Many hotel companies incorporate a generalized statement about endeavoring to protect the natural world that lacks the specificity required to promote measurable change. Others claim they are currently engaged in sustainable practices, which does not provide incentives for them or their stakeholders to do more. Starwood sets itself apart by boldly stating a plan for success that seeks to “continually improve and innovate” their environmental practices. In doing so, they have set a bar they can never fully reach, creating an ideal situation that propels them ahead as they persistently explore new “green” avenues for improvement.

Unexpectedly, Starwood closes their environmental policy by acknowledging the nascent stage of their environmental efforts and admitting they have a lot of work ahead of them. Despite their identification with the many other companies that trail behind in implementing sustainability initiatives, Starwood demonstrates their willingness to take large strides toward a new way of doing business with their public statement about the many changes that are necessary in order to move their company in a “green” direction.

Starwood’s environmental mission statement includes all the three pieces of an effective statement: Why is environmental responsibility important to the company? What is the end goal? How will the business measure their success? Starwood logically outlines why they are interested in protecting the Earth, how they plan to lessen their impact on the natural world by listing their “green” goals, and explains that they will deem their efforts successful only if they work to continually improve them.

While well-crafted overall, Starwood’s policy misses a potential opportunity that provides us with another occasion to learn about effective environmental mission statements. I believe that if encouraged to become involved, clients who hunger to do more to help the environment will spend their own time working with brands they value. Some may simply tell friends and family about a new local business in which they believe and that they want to succeed. Others will do much more. Many of Starwood’s clients are meeting planners who might wish to reduce the energy and materials consumed at the events they coordinate. If asked by Starwood to engage their attendees, most planners would be happy to ensure their meeting participants are aware of the ways in which they can help minimize the impact of their conference, such as recycling and turning off lights. Customers who seek more should be offered opportunities to become involved in addition to environmental education, but exactly how companies reach out to their clients will vary depending on the organization’s “green” goals.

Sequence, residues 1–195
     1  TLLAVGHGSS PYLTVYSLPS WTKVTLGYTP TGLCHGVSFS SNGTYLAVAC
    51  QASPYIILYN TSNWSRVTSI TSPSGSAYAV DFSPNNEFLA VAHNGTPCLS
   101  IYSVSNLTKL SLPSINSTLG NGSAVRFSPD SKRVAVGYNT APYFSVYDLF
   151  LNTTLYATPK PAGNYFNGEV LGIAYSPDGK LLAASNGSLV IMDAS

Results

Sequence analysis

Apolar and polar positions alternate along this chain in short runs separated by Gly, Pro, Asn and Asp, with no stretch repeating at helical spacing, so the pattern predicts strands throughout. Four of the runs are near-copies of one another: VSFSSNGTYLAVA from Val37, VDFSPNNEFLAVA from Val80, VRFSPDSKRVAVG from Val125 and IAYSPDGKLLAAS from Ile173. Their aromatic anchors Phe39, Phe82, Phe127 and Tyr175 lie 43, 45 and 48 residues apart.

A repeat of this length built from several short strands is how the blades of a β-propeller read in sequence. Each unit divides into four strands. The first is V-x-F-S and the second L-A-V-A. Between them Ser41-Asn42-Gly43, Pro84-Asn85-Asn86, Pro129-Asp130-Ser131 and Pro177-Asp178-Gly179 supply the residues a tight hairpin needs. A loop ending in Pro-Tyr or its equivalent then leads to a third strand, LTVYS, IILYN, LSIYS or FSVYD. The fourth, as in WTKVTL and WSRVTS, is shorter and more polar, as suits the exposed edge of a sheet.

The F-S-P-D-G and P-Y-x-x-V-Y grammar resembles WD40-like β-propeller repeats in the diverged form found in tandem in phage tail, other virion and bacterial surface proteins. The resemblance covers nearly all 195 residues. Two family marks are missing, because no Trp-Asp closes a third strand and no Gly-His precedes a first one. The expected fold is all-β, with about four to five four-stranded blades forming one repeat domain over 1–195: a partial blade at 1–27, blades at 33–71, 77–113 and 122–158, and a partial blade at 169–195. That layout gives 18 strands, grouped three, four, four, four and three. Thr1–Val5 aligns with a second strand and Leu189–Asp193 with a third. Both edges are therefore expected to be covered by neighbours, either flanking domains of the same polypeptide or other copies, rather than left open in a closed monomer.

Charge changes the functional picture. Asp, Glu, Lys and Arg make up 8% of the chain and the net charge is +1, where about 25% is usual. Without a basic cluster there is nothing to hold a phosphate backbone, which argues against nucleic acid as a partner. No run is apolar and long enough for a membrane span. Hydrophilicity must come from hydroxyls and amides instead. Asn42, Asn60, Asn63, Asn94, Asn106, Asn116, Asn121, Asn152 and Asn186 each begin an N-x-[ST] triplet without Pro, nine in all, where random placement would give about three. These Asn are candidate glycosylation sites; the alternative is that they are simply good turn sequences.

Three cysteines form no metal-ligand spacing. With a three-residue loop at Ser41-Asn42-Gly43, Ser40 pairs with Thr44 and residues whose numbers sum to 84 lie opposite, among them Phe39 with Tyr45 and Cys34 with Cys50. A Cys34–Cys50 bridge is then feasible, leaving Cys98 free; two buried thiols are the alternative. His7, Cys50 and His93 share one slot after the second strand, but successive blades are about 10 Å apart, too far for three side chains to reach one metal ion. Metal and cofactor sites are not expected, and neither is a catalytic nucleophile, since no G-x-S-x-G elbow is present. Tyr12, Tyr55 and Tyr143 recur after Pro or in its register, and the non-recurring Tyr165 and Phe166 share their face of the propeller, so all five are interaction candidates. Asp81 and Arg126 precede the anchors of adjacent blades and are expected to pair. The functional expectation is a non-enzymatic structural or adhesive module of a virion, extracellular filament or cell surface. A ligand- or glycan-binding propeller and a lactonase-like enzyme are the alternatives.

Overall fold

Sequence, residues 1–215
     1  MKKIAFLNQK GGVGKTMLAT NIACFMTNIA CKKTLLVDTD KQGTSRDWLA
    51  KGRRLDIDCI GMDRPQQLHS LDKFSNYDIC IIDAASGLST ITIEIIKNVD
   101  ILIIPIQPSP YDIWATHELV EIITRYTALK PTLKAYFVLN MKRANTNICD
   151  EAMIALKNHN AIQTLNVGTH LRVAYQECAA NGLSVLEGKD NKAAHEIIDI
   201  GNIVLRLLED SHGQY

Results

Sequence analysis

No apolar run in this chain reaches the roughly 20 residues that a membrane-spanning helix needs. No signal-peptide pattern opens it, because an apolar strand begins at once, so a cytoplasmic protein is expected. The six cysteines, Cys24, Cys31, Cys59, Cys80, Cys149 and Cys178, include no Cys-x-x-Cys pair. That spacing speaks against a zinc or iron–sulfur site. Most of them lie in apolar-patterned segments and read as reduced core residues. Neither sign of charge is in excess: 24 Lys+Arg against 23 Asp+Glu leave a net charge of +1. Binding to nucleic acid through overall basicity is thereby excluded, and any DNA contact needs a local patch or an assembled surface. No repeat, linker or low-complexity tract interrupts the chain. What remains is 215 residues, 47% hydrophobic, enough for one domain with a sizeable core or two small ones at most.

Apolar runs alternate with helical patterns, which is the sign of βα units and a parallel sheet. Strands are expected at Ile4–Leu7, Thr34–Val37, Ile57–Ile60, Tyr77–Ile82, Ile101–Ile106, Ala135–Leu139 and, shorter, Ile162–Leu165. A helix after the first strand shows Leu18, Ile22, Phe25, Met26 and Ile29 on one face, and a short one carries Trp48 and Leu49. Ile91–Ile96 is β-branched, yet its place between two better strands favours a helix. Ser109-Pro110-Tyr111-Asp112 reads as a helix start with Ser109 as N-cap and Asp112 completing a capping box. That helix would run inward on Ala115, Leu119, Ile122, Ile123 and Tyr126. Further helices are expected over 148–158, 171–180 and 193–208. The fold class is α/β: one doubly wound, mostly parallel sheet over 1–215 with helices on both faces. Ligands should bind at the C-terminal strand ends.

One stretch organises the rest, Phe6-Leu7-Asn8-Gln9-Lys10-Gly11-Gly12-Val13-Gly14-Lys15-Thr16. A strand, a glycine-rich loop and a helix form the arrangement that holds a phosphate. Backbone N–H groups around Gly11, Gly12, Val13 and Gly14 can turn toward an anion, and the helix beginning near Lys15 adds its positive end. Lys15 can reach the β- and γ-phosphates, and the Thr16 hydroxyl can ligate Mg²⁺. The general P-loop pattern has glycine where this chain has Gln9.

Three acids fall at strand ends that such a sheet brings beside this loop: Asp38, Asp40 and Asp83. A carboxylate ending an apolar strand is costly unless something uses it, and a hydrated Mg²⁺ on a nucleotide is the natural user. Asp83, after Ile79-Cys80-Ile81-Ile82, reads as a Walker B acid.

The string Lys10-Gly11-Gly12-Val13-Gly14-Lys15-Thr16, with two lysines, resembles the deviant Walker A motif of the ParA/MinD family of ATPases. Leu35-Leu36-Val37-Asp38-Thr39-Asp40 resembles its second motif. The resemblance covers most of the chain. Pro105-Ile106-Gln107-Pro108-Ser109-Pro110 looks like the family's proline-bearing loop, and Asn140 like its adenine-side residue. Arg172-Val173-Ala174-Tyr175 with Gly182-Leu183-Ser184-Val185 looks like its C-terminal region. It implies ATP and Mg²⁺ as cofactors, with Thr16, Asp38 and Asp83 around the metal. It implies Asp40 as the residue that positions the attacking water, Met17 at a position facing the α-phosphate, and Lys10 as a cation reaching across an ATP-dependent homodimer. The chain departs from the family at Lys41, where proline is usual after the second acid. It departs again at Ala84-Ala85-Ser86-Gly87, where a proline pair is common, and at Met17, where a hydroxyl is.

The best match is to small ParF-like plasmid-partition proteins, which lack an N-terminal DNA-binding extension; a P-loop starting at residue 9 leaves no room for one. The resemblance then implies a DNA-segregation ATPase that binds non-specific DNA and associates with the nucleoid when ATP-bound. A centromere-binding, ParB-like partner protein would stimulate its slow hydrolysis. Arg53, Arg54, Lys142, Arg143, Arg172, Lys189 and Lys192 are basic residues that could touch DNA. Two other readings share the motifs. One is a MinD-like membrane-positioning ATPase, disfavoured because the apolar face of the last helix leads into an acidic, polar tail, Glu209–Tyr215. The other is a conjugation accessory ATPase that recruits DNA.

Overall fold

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Environmental Mission Statements: A List of Hotel Sustainability Policies

February 15, 2010 2 comments

This article is cross-posted on Environmental Leader.

*** This blog has moved. Please come and read new posts on our updated site, The Natural Strategy Blog.

A mission statement can help an organization navigate difficult times. I wonder how many hoteliers used their mission statements to remind them what of mattered most to their company during the past 18 months. As is true with many sectors of the world economy, 2009 was the worst year in recent memory for the hospitality industry. Meeting planners and business travelers moved to on-line conferences whenever possible and overnight vacations became a luxury for many people. Despite these financial problems, hotels and their investors understand the importance of developing a sustainable product and have been investing in green technologies.

This is the first in a series of posts that will investigate environmental mission statements. The articles will focus on how to develop an environmental mission statement, which companies have them, how are they being used, and discussing whether environmental mission statements are necessary. I have started by compiling links to the environmental policies and statements of several well-known hotel organizations.

Fairmont Hotels & Resorts – One of the first hotel companies to incorporate sustainability into their organization, Fairmont’s Environmental Policy outlines  their commitments to protecting the natural world. Mission Statement